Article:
Inside the Church.
Inside the tower is a wooden box-like structure going up the wall and a helical staircase going up which is blocked off with furniture so a good reason not to try to go up.
Going into the main body of the church is a wooden door with a lattice light glazed with Perspex. Inside the door, on the north side, are a padlocked chest, a table, chair and a pew screened off with a curtain and a wooden panel.
There is a notice on the wall referring to a Robert Sheardown which is dated 1764. There is another word which is not quite readable.
The church is simple with a nave and no aisles. The stained glass looks a whole lot better from the inside with daylight coming through the glass (as it is obviously intended to be viewed). Each window is much the same but with a different bird in the roundel.
Here is one of the windows in its entirety which probably looks a whole lot better than my descriptions.
There are ten pews on each side with plain ends. Where the pew ends might be carved there is a simple circle.
Before reaching the apse there is a raised portion of floor which is tiled with unglazed tiles. The main body of the nave has a blue carpet and the pews are on a raised platform. There is a wooden pulpit which is not ornate but is attractive in its own way. There is also a small brass lectern with a cloth on it (just visible behind the cushions on the left).
The altar is on another rise portion which is tiled as the rest of the apse. The altar is covered with a patterned cloth with a plain cloth on top. On the altar is a brass crucifix with a Lamb and Flag on it and two brass candlesticks. Behind the altar are two large, floor-standing, candlesticks with coloured glass decorations.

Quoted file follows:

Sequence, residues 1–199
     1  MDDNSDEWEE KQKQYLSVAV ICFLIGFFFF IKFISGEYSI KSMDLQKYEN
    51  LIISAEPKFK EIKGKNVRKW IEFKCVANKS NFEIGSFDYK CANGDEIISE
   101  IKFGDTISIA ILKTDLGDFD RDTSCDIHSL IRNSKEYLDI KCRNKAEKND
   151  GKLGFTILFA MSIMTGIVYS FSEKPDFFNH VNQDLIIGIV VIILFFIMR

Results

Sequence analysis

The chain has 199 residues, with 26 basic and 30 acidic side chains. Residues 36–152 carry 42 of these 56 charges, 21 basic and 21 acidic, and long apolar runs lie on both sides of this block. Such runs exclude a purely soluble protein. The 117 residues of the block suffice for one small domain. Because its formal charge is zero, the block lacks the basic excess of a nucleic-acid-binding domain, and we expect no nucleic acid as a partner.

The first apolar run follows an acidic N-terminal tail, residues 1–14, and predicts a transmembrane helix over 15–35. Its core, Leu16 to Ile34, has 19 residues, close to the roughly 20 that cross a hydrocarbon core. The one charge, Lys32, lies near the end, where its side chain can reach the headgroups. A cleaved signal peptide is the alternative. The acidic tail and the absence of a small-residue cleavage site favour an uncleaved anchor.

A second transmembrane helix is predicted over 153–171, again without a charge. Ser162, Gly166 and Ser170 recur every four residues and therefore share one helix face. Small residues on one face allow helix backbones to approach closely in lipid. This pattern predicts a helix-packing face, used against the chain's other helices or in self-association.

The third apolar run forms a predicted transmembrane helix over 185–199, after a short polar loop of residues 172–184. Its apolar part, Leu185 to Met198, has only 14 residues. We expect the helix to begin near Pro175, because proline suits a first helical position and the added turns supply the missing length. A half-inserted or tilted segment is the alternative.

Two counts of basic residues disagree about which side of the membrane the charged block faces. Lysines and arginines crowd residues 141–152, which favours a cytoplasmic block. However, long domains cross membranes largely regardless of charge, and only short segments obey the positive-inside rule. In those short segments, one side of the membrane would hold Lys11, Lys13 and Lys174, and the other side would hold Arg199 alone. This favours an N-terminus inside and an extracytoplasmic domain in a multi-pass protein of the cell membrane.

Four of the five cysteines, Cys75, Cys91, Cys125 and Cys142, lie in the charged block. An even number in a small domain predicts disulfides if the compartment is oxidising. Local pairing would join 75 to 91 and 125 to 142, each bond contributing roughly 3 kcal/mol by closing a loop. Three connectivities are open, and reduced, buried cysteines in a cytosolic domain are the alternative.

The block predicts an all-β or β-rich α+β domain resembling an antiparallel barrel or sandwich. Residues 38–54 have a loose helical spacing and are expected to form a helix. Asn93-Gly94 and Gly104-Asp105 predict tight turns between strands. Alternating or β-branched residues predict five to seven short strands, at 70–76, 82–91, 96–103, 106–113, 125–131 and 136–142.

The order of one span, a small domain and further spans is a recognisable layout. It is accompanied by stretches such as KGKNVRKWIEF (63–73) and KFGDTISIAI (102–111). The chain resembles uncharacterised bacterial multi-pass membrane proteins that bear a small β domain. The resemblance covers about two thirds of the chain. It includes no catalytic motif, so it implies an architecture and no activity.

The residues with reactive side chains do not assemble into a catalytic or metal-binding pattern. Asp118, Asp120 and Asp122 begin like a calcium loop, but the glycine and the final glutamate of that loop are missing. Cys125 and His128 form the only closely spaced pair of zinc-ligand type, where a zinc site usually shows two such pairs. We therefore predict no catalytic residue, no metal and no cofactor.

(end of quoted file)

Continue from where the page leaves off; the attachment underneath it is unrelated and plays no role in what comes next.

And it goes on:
The main body of the apse is plain. There is a carved chair with a blue cushion intended for the priest. There is a memorial on the edge of the chancel dedicated to “The Rev Thomas Nelson, Vicar, 1827. Interred in the centre of the altar.”
On the right on the raised portion before the apse is an electronic organ and an older harmonium. On the harmonium is a carved onyx font which is six inches in diameter, together with another couple of candlesticks.
In front of the north range of pews is a bigger brass lectern marked “In memory of John Osgoodby 48 years Parish Clerk and in commemoration of a diamond jubilee of Queen Victoria”. The lectern contains a book: “The Common Worship Lectionary” which is a table of psalms and readings from the Bible.
Looking back towards the entrance on the west wall there is a plaque above the door “In memory of Mary Randell dies 1849” and a painted memorial on the wall “John Richardson, Churchwarden”.
The walls are painted white but the two painted memorials on the west wall have been carefully painted around to preserve them.
There is a larger stone font which is quite attractive. It has a modern glass fruit bowl inside to hold the water. There is an ornate stool in front of the font.
There is a bookcase beside the door containing Hymns Ancient and Modern. On the north wall there is a list of Rectors, Vicars and Curates from the original date of the church. Alongside many of the dates are notes. One of these explains the anomoly of the style of the church and the variation in weathering of the stonework outside. The church was rebuilt in 1763, reusing the original stones in the main but with modern (for 1763) stonework for the windows.
The earliest incumbent was a Rector called Walter in 1238 but there was an undated Robert before him. This is a modern list collated from the original registers. One of the notes suggests that one Rector, John Scott (1733), signed his own burial entry!